by Ian Wright
Although Toyota already has strong representation in the crossover segment, the new Corolla Cross is set to strengthen this position even further. The Corolla Cross is an all-new model but, as the name suggests, it rides on the same architecture as the Corolla sedan and hatch. That means Toyota is introducing its new small crossover with plenty of name recognition, and it slips perfectly into the small gap left between the C-HR and the wildly popular RAV4. It shares the 2.0-liter naturally-aspirated four-cylinder engine from the Corolla sedan and the Direct-Shift CVT transmission used in sportier flavors of the Corolla. In size, the Corolla Cross has more space in the back than the cramped C-HR and, in a segment full of small crossovers, goes head to head with vehicles like the Nissan Rogue Sport and the Kia Seltos. For the more adventurous, the increase in ride height can be complemented by an optional all-wheel-drive system.
While the Corolla Cross is all-but-guaranteed to be a big seller for Toyota, the automaker hasn't gone out on a limb in any way here. The styling is vanilla, the powertrain, for now, a single gas-powered option known for fuel-sipping and reliability, and the standard feature set is strong enough to be competitive at the Corolla Cross's price points. While that can be seen as a downside, there's a lot to be said for a crossover that does exactly what's needed and nothing more. Sales figures will no doubt demonstrate that fact over coming years. A hybrid version is inevitable later down the line, as is an all-electric Corolla Cross if Toyota sticks to its electrification plan over the next couple of years.
Toyota currently offers six crossovers and SUVs in the USA, and the all-new 2022 Corolla Cross brings that number to seven. The Corolla Cross does not replace anything, but it slots in between the C-HR and RAV4. Why? The simple answer is to make the Corolla more appealing. As crossovers become the new norm, more people are moving away from traditional sedans like the Corolla. The Cross fills that small but significant gap between existing products by slightly lifting the Corolla and giving it a more rugged appearance.
See trim levels and configurations:
2.0L Inline-4 Gas
Continuously Variable Automatic (CVT)
2.0L Inline-4 Gas
Continuously Variable Automatic (CVT)
2.0L Inline-4 Gas
Continuously Variable Automatic (CVT)
The current Toyota Corolla sedan is a stunning vehicle. Unfortunately, we can't say the same when it comes to the Corolla Cross. It hits the current major Toyota design cues, particularly with the grille, but it is on the bland sign of design. The designers tried to spice it up with accents on the front and rear wings, but these elements won't stop the Corolla Cross from disappearing in crowded parking lots. It's a generic take on the small crossover, which will still find favor with most customers. All models get LED headlights with automatic high beams, while XLE models get LED fog lights and DRLs additionally. The L trim comes standard with 17-inch steel wheels with silver covers, while the LE gets 17-inch alloys. The range-topping XLE rides on 18-inch alloys with a black-painted machined finish.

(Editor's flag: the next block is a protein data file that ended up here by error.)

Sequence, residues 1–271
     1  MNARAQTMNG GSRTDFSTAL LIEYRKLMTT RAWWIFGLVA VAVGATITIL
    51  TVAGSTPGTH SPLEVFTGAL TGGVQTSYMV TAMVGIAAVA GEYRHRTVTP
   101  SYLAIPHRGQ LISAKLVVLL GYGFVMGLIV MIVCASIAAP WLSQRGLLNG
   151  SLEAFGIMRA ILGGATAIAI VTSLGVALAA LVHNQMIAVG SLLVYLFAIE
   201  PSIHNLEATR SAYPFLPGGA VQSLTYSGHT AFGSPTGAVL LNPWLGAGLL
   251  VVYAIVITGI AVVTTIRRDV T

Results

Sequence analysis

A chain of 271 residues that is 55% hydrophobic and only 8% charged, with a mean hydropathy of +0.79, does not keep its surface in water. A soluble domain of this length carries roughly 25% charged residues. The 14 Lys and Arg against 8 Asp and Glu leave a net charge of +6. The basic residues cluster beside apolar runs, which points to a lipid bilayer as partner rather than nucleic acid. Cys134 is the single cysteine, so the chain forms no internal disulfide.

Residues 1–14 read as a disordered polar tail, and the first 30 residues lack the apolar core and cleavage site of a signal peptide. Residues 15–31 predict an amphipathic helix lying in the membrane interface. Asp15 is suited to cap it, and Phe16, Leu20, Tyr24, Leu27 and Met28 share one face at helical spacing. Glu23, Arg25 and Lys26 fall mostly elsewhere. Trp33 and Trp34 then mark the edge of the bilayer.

The 2022 Toyota Corolla Cross is wider and significantly taller than the Corolla sedan, but it isn't as long. It's 175.6 inches in length and is 71.9 inches wide without the mirrors, and 64.9 inches tall when measured to the tip of the antenna. The ground clearance is rated at an impressive 8.1 inches for the XLE and 8.2 inches for the lower two trims. All models ride on a 103.9-inch wheelbase.
The lightest Corolla Cross is the LE in front-wheel-drive guise. It weighs 3,115 pounds. The heaviest model is the XLE with all-wheel drive, weighing in at 3,325 lbs. Compared to the XLE sedan, the Corolla Cross weighs almost 300 lbs more. Given the current appeal of a crossover body, we think most people will be happy to carry that extra weight around.
The new Corolla Cross boasts a palette that's seven colors strong. Wind Chill Pearl is the only extra-cost color and carries a charge of $425. No-cost options include Sonic Silver, Celestite Gray Metallic, Jet Black, Barcelona Red Metallic, Cypress, and Blue Crush Metallic.